The girl at the center of the University of Virginia rape hoax was a student activist in high school, according to local press (cached)
The story, published in part below, confirms earlier reporting that identified Jackie Coakley as an activist.
About 100 Mountain View High School students pretended to be ghosts and prisoners last week.
Students leaving the school in cars and buses passed the group, whose participants displayed signs in the shape of tombstones in a grassy spot near the school’s entrance.
Some of the signs stated: “Friends don’t let friends drink and drive” and “One time is too many.”
Mountain View High’s newly formed chapter of Students Against Destructive Decisions staged what it called a “Ghost Out” two days before the school’s prom.
“Prom is the biggest night for drinking and partying,” sophomore Jacqueline Coakley said.
The student ghosts, with black T-shirts and white face paint, were victims of drunken drivers. The prisoners, dressed in orange, were the drivers responsible for their deaths.
The students gathered near a totaled car provided by M & M Auto Parts Inc. in Stafford County. The students said the vehicle was involved in a drunken-driving incident on Mountain View Road.
“It gives them a visual representation rather than just seeing numbers on a page,” said Christian Simmons, who helped organize the event.
Throughout the day, a student dressed as the grim reaper pulled high-schoolers out of class. They returned as ghosts and didn’t talk for the rest of the day.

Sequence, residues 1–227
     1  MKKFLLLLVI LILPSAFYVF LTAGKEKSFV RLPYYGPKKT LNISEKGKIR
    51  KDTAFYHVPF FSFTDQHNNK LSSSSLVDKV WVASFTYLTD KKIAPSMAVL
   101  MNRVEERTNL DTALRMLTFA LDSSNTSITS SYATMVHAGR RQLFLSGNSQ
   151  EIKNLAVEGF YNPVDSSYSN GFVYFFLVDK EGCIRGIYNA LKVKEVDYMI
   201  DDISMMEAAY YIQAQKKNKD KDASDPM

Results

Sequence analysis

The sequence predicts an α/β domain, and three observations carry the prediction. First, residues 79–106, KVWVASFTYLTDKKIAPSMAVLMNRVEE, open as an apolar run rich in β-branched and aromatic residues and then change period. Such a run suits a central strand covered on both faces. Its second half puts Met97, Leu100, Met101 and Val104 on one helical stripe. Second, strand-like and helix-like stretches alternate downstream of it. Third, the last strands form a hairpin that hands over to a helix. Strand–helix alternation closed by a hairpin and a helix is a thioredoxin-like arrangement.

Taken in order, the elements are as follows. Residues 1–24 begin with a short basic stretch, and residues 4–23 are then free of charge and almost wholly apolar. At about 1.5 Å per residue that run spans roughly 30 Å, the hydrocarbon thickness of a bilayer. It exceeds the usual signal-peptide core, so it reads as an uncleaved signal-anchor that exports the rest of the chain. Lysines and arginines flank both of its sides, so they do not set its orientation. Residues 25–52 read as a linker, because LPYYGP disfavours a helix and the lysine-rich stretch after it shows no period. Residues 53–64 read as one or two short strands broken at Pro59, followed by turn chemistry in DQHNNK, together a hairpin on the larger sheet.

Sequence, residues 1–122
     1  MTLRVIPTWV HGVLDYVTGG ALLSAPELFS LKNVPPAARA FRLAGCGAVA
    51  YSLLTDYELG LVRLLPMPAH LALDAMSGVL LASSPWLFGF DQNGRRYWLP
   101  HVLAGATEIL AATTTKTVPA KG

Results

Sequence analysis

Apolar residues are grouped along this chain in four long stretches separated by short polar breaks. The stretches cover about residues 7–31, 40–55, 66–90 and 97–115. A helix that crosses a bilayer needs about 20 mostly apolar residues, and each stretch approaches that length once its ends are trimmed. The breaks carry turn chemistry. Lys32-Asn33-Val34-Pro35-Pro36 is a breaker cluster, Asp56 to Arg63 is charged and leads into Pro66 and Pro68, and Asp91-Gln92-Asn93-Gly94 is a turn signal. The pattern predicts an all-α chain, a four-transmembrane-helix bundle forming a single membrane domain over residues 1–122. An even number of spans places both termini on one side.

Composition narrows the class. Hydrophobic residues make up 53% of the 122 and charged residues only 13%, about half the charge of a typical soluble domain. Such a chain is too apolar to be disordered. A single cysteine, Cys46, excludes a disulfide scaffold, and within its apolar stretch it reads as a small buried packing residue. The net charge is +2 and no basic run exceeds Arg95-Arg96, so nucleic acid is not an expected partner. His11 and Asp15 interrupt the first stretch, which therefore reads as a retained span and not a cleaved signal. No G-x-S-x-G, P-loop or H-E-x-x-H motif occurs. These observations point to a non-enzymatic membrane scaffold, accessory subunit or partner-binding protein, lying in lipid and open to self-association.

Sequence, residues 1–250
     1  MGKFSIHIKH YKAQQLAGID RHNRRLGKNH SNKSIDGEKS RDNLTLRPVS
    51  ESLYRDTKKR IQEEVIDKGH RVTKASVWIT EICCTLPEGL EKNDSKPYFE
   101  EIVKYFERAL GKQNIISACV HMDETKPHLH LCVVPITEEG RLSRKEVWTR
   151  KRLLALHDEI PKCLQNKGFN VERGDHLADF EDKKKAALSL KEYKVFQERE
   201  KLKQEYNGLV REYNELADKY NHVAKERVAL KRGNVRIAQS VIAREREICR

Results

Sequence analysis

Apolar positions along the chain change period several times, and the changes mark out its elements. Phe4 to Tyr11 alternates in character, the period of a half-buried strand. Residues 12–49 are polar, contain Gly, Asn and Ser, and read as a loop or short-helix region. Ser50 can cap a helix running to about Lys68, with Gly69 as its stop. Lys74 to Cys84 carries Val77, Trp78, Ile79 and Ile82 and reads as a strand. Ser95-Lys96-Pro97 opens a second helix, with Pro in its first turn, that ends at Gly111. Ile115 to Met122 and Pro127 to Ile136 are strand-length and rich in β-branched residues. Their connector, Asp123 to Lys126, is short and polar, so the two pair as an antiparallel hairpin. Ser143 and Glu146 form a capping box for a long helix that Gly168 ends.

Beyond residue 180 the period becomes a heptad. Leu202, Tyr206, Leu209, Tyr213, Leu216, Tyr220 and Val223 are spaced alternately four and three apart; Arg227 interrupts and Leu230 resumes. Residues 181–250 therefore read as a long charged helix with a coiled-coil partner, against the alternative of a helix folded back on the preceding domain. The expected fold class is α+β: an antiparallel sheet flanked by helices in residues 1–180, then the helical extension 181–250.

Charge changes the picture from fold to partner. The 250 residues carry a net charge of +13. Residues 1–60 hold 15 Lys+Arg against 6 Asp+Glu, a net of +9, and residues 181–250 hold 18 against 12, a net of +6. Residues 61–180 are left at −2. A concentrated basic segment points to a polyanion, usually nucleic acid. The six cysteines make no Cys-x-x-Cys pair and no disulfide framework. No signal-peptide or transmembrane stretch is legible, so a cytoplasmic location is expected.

A sheriff’s deputy and a school security officer also escorted students and teachers from class in handcuffs as part of the demonstration. They became the inmates.
Some bus drivers honked and waved at the students during their afternoon demonstration. One student, however, made an obscene gesture as he sped by.
“That’s why it happens people don’t take it seriously enough,” said senior Caitlyn Price, who founded the school’s SADD chapter and organized the event.
Mountain View security officer Richard Davis said he walked in a class and told a student that he was being arrested for a felony hit-and-run drunk driving accident that killed two young children. Davis handcuffed the teen and read him his rights.
The class applauded.
“Some were a little intimidated and shocked,” Davis said of the student response in general. “Some just laughed.”
Mountain View’s SADD chapter put up a banner in the school that read: “I pledge to never drink and drive or to let my friends drink and drive.” As of Thursday, more than 200 students had signed it.
The event’s organizers hope students follow the advice Principal Jim Stemple gives during announcements every Friday afternoon. It goes something like this: “Life is full of choices and decisions. Make all your decisions this weekend good ones.”